Windows 8 opens fresh thinking on touchscreens

Usually, when companies claim to have “reimagined” a venerable but ageing product in an attempt to give it a new lease of life, the actual facelift does not justify the hyperbole. But the revamped version of the Windows operating system that Microsoft showed off this week may actually live up to the billing.

Codenamed Windows 8, the software is the first from Microsoft to be designed from the ground up for touchscreen machines, and marks a belated response to Apple’s iPad. Computer users will still have to wait about a year before they can get their hands on it. However, releasing an early test version for software developers, as Microsoft did this week, is a vital first step in what is shaping up to be a battle over the future direction of personal computing.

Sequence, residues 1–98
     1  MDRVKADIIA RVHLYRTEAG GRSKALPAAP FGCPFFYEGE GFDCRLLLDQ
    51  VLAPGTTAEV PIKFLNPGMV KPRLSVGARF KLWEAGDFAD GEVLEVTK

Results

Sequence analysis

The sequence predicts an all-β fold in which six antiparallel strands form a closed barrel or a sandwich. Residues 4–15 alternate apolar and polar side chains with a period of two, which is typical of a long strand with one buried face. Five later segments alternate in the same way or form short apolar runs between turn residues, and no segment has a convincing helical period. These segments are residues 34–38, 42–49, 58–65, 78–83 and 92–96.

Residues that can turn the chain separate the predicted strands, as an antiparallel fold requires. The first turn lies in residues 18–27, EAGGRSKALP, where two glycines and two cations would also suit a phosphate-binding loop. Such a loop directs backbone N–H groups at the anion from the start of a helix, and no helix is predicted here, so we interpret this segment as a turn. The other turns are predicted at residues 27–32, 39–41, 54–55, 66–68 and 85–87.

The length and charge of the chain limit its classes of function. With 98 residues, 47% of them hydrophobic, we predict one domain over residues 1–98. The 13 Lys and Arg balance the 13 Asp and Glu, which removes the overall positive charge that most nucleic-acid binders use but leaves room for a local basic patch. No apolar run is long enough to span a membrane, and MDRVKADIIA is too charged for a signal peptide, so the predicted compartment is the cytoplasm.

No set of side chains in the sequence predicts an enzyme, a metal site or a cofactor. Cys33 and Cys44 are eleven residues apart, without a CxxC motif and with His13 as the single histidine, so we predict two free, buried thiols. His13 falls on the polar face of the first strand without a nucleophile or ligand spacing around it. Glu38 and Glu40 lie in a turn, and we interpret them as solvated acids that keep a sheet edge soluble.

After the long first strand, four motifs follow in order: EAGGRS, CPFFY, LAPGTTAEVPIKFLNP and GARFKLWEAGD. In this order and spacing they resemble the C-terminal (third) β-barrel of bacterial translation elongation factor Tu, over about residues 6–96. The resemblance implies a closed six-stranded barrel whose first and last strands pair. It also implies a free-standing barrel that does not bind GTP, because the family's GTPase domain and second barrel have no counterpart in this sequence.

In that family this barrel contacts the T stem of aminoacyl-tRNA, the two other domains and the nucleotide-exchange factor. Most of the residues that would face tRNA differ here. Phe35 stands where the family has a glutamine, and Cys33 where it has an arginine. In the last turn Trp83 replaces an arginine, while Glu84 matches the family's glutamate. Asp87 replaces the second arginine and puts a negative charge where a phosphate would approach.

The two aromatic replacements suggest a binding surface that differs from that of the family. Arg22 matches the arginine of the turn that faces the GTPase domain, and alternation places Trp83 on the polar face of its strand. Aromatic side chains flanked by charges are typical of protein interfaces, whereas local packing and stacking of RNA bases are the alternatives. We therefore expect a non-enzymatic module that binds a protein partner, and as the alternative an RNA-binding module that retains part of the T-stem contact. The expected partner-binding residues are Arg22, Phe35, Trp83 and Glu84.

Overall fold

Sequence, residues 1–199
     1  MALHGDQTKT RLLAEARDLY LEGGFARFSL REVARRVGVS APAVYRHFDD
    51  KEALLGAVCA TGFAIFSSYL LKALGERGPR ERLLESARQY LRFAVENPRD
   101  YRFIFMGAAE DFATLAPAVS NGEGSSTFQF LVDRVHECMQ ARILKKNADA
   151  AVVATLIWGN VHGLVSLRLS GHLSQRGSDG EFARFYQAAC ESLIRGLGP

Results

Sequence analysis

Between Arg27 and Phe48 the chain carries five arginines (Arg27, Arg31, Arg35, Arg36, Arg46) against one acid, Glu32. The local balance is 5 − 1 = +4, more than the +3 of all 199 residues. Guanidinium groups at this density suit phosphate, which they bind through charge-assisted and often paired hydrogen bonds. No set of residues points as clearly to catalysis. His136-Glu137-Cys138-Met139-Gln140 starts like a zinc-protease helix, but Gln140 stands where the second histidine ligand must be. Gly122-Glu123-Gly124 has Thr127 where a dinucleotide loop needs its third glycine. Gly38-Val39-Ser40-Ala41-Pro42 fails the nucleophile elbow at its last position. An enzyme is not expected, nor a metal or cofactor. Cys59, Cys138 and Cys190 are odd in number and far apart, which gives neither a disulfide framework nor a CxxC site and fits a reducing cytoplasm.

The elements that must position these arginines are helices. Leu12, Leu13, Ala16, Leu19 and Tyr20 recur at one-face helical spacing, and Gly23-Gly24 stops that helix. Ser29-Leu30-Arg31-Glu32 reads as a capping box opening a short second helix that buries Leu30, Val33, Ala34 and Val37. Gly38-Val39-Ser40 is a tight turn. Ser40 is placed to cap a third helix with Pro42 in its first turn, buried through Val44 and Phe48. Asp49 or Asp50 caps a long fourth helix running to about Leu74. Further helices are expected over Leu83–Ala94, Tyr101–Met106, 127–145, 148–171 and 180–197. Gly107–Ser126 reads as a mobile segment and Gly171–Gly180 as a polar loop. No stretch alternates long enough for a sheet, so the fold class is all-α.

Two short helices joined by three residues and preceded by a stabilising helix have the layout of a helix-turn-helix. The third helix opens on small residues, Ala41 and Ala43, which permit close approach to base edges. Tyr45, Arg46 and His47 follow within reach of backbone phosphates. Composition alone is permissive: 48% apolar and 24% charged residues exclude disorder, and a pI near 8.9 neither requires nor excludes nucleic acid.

The vision laid out by the world’s biggest software company was subtly different from that espoused by Apple. The machines that use Windows 8 will have a touchscreen interface and a new class of stripped down “apps”, much as the iPad does. In many cases, they will also run traditional PC applications and include the familiar Windows desktop as an alternative interface.

With the software intended to run on laptops and desktop machines as well as tablets, Microsoft made it clear that it hopes to blur the distinction with tablets, producing hybrid experiences where users type on a keyboard or click a mouse one minute, then reach out to touch their screens the next. The clear warning to tablet makers: Microsoft is set on annexing the new touchscreen frontier to make it part of its wider PC world.

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